Parallaxes and proper motions of 134 southern late M, L and T dwarfs

groombridge1830_720x956Stars in nearby solar space exhibit large proper motions because they are moving against a background of more distant stars. All stars have their own motion through space and most stars in the solar vicinity share approximately the velocity and direction of motion of the Sun. In the case where a parallax as well as the transverse velocity are known, the knowledge of the exact distance together with the radial velocity yields the precise motion of the star relative to the Sun. The image shows the motion of the nearby star Groombridge 1830, using two images taken a year apart. The ability to determine these basic facts is especially interesting for investigating young brown dwarfs near the Sun, as  a new paper by Weinberger et al., accepted to the Astronomical Journal, elaborates:

We report trigonometric parallaxes for 134 low mass stars and brown dwarfs, of which 38 have no previously published measurement and 79 more have improved uncertainties. Our survey targeted nearby targets, so 119 are closer than 30 pc. Of the 38 stars with new parallaxes, 14 are within 20 pc and seven are likely brown dwarfs (spectral types later than L0). These parallaxes are useful for studies of kinematics, multiplicity, and spectrophotometric calibration. Two objects with new parallaxes are confirmed as young stars with membership in nearby young moving groups: LP 870-65 in AB Doradus and G 161-71 in Argus. We also report the first parallax for the planet-hosting star GJ 3470; this allows us to refine the density of its Neptune-mass planet. One T-dwarf, 2MASS J12590470-4336243, previously thought to lie within 4 pc, is found to be at 7.8 pc, and the M-type star 2MASS J01392170-3936088 joins the ranks of nearby stars as it is found to be within 10 pc. Five stars that are over-luminous and/or too red for their spectral types are identified and deserve further study as possible young stars.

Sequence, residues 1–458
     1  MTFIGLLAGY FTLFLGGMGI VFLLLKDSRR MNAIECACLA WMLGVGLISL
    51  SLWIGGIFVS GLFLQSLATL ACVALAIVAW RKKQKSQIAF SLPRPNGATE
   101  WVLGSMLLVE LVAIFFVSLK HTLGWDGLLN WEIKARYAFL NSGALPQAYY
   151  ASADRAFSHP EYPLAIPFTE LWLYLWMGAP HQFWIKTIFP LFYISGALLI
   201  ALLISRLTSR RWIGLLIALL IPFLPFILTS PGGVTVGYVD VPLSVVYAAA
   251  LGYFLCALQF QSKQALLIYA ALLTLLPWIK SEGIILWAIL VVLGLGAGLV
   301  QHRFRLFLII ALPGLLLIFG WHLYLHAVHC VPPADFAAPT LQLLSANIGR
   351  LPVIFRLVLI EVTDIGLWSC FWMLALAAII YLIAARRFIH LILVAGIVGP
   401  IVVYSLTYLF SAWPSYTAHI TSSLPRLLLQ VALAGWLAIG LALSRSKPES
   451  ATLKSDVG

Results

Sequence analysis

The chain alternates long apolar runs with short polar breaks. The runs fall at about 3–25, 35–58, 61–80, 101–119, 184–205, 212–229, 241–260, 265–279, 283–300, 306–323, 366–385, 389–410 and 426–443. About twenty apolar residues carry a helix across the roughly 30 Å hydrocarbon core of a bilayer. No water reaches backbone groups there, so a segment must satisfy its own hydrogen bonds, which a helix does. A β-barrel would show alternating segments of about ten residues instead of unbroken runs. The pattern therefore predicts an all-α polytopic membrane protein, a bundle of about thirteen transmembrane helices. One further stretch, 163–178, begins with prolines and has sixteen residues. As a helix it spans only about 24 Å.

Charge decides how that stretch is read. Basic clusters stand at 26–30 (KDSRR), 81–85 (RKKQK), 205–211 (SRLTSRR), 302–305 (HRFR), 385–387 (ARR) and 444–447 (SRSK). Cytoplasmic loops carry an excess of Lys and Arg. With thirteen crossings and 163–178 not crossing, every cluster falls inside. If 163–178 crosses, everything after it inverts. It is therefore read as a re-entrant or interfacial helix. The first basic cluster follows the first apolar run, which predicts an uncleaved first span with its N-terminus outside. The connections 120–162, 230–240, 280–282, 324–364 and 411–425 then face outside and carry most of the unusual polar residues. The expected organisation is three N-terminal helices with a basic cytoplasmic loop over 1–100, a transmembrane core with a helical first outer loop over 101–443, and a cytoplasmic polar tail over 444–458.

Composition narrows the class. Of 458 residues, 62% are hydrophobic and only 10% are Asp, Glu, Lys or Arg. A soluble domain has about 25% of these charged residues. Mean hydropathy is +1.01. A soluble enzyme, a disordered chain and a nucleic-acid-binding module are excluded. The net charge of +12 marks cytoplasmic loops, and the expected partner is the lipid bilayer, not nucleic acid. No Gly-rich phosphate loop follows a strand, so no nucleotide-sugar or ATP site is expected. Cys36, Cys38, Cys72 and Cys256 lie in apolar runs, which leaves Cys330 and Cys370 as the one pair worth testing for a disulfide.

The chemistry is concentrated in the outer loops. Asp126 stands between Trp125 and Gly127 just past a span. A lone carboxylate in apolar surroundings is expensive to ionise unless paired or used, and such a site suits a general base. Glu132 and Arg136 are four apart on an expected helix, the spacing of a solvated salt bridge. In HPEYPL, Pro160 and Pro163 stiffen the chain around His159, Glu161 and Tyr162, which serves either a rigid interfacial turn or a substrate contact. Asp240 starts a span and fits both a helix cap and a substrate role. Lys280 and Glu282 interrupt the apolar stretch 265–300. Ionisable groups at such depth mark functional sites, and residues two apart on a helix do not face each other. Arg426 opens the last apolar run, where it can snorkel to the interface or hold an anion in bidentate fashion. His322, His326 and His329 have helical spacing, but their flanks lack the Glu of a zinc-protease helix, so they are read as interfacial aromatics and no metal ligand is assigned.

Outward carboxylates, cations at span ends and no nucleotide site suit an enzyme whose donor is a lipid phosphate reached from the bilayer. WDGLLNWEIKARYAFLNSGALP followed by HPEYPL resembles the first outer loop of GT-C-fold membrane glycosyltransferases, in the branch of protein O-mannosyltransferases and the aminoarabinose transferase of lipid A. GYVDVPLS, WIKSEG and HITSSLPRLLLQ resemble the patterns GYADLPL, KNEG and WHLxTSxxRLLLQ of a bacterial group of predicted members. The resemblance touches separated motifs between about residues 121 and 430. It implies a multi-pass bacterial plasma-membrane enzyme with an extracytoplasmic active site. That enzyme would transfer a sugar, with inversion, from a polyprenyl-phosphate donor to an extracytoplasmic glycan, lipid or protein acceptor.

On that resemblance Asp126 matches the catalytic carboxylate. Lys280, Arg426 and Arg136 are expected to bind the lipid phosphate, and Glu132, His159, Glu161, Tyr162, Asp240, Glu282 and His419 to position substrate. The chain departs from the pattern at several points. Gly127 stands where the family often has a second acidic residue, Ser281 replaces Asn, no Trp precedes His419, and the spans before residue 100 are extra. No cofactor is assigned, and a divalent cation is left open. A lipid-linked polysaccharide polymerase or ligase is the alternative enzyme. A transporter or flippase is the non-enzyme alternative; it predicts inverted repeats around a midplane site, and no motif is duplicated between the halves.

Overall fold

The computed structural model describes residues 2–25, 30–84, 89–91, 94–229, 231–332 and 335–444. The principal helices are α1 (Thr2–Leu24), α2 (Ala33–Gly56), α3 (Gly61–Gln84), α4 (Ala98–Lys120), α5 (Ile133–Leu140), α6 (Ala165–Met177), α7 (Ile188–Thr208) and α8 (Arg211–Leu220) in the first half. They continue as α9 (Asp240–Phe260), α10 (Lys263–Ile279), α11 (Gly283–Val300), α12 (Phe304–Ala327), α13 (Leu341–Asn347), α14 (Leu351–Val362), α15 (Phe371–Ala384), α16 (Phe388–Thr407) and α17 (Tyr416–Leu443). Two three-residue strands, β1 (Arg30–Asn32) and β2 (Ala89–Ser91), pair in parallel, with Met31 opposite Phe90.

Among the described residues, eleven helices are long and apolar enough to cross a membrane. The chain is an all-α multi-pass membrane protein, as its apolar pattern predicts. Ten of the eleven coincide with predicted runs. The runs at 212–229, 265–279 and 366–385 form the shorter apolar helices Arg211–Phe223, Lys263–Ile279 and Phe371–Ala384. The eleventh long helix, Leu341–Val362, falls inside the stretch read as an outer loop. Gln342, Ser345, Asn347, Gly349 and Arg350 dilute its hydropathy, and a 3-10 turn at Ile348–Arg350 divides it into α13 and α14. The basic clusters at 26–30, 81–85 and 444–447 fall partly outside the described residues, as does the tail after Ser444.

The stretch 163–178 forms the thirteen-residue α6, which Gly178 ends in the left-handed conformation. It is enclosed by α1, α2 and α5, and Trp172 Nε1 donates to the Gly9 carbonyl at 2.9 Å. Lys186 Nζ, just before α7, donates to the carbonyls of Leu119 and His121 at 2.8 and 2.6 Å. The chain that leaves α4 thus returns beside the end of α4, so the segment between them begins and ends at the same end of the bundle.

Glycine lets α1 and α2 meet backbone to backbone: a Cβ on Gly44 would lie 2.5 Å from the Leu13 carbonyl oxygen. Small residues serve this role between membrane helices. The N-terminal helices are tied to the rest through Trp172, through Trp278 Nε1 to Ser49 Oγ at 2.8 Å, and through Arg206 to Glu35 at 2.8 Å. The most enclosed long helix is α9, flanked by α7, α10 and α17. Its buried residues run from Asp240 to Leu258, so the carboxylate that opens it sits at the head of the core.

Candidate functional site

In other news the location of the still putative Planet Nine has been refined to within a twenty degree area centred on RA 2h 40m and declination -15°.

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